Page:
Once upon a time, a “facebook” was an actual book that published photos of incoming university students. (That’s where the name for the social-media behemoth that is Facebook came from.) While cleaning out my childhood home, as they’ve been doing, my parents found this Columbia University facebook from 1987.
I had this because I worked on Columbia’s new-student orientation that year. I was on a committee focused on transfer students, having been a transfer myself in 1986. (As I’ve mentioned, I spent my freshman year at Northwestern University.) The book included the photos of all the orientation volunteers. Here I am!
I’m quite sure those are the same silver hoop earrings I’m wearing in the third photo in this post. I had them till recently and then foolishly got rid of them, not realizing that they were such a favorite back in the day — I keep finding more and more photos where I was wearing them. I also gave away a pair of my old ’80s rhinestone earrings this year. I need to stop doing these things! It hurts my hoarder heart later on.
When I flipped through the book to see if everyone else’s hair was as ’80s-riffic as mine (pretty much), one new student’s photo was head and shoulders above the rest.
Guess who the chic, androgynous student was? None other than Cecilia Dean, who went on to become a co-founder of the fashion and art magazine Visionaire. For the facebook, she identified her favorite movie as Jean-Jacques Beineix’s Diva, a suitably fashionable and artistic choice.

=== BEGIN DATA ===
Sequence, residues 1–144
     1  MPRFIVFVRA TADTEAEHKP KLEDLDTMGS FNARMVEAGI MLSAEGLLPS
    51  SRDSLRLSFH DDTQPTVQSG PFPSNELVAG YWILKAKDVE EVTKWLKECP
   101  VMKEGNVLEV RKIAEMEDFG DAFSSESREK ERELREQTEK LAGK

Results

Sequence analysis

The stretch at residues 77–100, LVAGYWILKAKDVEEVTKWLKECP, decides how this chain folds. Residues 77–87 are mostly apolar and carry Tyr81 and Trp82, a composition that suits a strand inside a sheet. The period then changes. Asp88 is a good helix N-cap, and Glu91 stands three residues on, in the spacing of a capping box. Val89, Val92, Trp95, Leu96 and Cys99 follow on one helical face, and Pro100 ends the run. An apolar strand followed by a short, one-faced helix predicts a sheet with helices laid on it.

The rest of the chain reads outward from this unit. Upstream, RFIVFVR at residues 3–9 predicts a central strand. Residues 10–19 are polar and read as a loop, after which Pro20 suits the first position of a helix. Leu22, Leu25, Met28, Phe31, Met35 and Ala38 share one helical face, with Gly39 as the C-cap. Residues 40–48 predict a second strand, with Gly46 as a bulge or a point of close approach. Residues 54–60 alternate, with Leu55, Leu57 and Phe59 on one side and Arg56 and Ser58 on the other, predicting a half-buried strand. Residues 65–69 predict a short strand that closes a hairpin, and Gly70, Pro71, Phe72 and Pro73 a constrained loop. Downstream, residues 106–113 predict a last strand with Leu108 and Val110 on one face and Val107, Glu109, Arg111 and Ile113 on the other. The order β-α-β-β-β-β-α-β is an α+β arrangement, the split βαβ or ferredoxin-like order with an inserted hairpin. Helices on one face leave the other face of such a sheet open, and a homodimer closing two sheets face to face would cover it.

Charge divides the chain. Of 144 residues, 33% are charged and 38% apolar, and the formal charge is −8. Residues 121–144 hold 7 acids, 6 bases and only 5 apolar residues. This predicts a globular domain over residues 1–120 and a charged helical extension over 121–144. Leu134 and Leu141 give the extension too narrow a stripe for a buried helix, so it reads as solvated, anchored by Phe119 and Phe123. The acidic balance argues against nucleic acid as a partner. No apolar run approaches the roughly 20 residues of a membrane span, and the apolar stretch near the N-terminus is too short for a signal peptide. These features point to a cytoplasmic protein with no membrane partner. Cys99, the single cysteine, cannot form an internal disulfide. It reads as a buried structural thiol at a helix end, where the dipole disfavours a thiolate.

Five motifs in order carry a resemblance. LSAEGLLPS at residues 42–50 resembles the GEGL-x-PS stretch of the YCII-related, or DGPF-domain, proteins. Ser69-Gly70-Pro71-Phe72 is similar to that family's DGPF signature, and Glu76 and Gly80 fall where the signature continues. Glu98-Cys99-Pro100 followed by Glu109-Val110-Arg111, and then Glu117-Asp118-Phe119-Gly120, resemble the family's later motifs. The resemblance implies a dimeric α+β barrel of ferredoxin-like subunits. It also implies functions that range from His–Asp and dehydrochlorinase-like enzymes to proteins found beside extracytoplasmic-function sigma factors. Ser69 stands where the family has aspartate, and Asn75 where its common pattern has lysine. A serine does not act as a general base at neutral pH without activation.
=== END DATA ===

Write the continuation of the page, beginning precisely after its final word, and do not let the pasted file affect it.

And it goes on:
The 1987 facebook also had this photo.
That banner was presumably photographed in April 1985, when students protesting the South African apartheid system blockaded a campus building while calling on Columbia to sell all stocks and bonds in U.S. companies that did business in South Africa. According to the New York Times, when the university’s board of trustees voted in favor of divestment in October of that year, Columbia became the first Ivy League school to commit to that move. The divestment was supposed to be completed by 1987, but when the deadline came, the Columbia Spectator quoted ’85 blockaders as saying that the university still had investments in major brands — including Coca-Cola and General Motors — that continued doing business in South Africa. A Columbia Wiki claims that full divestment wasn’t achieved until 1991, by which time Nelson Mandela had been released from prison and apartheid was finally on its way out. This year, after I visited South Africa, I’ve twice mentioned how big an impression the anti-apartheid campus protests of the ’80s made upon me. I guess it made a big impression on the facebook editors too. Even though there are captions on photos of students lounging on the lawn, the marching band and a view of the World Trade Center, the banner photo is one of several pictures without captions, as if it were unimaginable that anyone would NOT KNOW what this was about, even two years after the protests. Interesting.